I first posted this on my old Beliefnet blog back in 2008, but it’s too good not to post again. I offer this with a grateful diaconal bow to the legendary Rocco, who first drew attention to this great preacher, who hails from Massachusetts.
THIS is an Advent homily for the ages.
I remember the day that Gerry died, as Mary held his hand. She wept. Oh how she wept as she clung to his body in the hopes of somehow not losing the fifty-seven years of married life they had lived and loved together. The kids tried to console her, but it was of little use. She just needed to cry until she couldn’t cry anymore. The pain and the emptiness was deeper than I could ever imagine. She spent the next days and weeks longing for Gerry more than she had ever longed for anything ever before. She so wanted him to come back that every creak of the floorboard and shadow around the corner made her heart leap in hope. I lost track of Mary, but bumped into her again about a year later. She was still sad, but not as desperate as the last time I had seen her. I inquired how she was doing and she told me about the day that made all the difference. She had gone to Church and she was sitting all alone in the pew staring at the crucifix above the tabernacle, she said. When all it once it occurred to her that it was not Gerry for whom she longed, but God. The God who she prayed would forgive Gerry’s sins. The God who would keep her in his grace until the last day. The God who had gone to prepare a place for Gerry and for her and for all who loved others as he had loved them. And Her waiting for Gerry was just a shadow of her deepest longing for God, her desire for love, and her desire to live in God and to know peace with him forever. We all ache for God, and we wait… The addict in the alley behind the Cathedral waits: for a God who will come and remove all that enslaves him… The single mother waits: for a day when she no longer has to work 54 hours, a night when she can sleep eight, a life when she’ll finally know the kids will be ok. The soldier in a ditch in Iraq waits: for a morning when there are no more explosions of IEDs, and every look is not feared as the precursor to an assault, and you don’t have to bury your new best friends. The old man in the nursing home waits: for the day he will no longer be alone, when pain will no longer be his most constant companion, and when he can once again rest in the embrace of her whom he loved. The prisoner on death row waits: for a place where he will no longer be seen as evil, for a life that makes sense, for a time when love can be given and received, for the coming of a God who will love him. The investment banker waits: for the day when he’s not gripped by the fear that he’s about to lose everything, for the day when he can count his value in the quality of his love rather than the size of his profit. The little child waits within her mother’s womb: for a world that will welcome her. and parents that will love her, and a country who will protect her. We all wait in joyful hope, with baited breath, as we gaze toward the Eastern skies in expectation of the one who rises with healing in his wings…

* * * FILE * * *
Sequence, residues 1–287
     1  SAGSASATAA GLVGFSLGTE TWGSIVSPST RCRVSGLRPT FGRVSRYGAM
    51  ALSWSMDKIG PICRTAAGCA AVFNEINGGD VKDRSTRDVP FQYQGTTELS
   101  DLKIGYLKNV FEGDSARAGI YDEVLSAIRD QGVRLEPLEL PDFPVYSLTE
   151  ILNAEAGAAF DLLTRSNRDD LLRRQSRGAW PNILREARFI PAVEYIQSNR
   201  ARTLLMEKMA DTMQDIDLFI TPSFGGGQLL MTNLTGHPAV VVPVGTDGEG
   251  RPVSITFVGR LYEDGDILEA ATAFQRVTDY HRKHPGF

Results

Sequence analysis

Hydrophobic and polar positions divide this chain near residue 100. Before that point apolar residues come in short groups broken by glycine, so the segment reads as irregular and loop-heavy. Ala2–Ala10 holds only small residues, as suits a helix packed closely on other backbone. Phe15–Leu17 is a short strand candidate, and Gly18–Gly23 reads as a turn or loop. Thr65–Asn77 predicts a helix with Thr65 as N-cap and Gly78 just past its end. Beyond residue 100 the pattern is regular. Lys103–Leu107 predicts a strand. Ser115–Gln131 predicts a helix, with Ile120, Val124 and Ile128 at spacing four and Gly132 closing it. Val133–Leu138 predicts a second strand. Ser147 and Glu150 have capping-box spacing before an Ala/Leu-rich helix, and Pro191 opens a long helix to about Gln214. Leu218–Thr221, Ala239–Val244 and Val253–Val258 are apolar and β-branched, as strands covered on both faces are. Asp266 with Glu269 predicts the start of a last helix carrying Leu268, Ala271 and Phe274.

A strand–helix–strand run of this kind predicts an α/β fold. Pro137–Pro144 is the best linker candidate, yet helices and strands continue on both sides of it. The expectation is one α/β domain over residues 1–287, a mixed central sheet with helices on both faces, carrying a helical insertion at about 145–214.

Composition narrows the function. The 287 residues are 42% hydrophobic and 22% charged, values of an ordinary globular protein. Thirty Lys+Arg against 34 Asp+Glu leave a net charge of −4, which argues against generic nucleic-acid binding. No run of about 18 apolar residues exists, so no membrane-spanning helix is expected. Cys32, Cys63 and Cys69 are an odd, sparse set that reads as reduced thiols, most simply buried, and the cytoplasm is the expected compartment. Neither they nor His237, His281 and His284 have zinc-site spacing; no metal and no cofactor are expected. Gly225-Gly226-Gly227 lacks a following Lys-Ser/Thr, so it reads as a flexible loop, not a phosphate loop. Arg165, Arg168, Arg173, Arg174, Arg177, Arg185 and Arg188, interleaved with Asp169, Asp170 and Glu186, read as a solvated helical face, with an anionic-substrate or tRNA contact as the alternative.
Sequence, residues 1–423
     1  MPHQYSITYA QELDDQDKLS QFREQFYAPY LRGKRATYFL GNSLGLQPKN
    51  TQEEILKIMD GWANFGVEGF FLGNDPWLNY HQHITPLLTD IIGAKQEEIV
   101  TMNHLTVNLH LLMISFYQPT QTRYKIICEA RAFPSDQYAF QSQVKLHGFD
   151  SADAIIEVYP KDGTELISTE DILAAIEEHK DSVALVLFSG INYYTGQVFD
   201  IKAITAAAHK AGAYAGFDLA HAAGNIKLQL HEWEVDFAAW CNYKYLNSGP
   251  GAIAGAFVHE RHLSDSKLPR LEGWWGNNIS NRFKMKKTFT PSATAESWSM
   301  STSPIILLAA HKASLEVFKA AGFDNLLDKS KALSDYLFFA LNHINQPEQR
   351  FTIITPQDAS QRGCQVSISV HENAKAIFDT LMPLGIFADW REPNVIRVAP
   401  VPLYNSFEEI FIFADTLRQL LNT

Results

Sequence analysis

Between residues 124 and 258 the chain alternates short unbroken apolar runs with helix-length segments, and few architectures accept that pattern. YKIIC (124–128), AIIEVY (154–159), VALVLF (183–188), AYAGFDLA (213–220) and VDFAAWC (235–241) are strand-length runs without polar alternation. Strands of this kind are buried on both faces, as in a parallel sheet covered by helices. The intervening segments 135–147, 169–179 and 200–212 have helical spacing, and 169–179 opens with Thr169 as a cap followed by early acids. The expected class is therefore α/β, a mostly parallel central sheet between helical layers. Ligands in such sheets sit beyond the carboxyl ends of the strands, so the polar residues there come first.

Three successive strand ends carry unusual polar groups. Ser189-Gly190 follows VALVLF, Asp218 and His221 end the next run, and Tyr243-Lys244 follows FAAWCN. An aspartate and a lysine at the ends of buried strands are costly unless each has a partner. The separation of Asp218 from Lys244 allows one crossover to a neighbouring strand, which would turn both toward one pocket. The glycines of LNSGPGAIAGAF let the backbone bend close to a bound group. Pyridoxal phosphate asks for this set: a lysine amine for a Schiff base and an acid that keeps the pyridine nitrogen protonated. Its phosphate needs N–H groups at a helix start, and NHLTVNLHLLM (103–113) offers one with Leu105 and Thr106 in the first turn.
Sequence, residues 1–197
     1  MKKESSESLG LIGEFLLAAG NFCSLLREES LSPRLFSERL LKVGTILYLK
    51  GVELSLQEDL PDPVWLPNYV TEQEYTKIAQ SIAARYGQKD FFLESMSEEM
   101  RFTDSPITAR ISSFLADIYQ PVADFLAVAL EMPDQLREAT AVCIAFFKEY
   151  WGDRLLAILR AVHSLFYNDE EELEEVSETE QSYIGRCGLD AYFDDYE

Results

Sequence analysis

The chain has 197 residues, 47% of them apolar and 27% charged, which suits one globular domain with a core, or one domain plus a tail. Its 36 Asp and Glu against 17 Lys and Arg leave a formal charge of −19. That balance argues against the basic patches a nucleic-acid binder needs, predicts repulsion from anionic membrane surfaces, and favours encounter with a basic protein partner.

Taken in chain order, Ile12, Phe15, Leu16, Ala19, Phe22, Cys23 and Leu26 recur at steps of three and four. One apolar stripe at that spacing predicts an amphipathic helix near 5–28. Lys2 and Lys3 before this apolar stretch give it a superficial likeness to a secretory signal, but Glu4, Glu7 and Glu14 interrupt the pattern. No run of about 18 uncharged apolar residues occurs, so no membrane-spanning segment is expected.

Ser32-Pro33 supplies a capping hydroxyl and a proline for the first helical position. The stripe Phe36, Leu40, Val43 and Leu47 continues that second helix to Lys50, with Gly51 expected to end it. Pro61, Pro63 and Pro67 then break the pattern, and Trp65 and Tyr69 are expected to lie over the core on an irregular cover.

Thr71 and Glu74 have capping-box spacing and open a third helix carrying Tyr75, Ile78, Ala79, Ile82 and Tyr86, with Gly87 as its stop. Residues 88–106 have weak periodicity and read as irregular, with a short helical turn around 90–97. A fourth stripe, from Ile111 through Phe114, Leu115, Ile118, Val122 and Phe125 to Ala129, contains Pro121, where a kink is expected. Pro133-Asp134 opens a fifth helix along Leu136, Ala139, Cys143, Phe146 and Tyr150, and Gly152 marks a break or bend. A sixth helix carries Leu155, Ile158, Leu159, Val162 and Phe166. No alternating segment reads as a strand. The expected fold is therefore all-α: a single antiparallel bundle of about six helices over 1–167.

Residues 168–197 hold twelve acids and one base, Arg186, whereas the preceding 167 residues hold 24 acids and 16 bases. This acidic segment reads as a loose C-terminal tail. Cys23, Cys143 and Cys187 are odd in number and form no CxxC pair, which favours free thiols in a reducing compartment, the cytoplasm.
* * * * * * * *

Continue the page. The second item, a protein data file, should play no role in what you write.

I had the good fortune of meeting Msgr. Moroney last year, when I gave the keynote speech for the installation of the Equestrian Order of the Holy Sepulchre in Portland, Maine. He’s now the rector at St. John Seminary in the Archdiocese of Boston. A great priest and a great preacher. You can read more of his homilies on his blog here. The seminarians are truly blessed.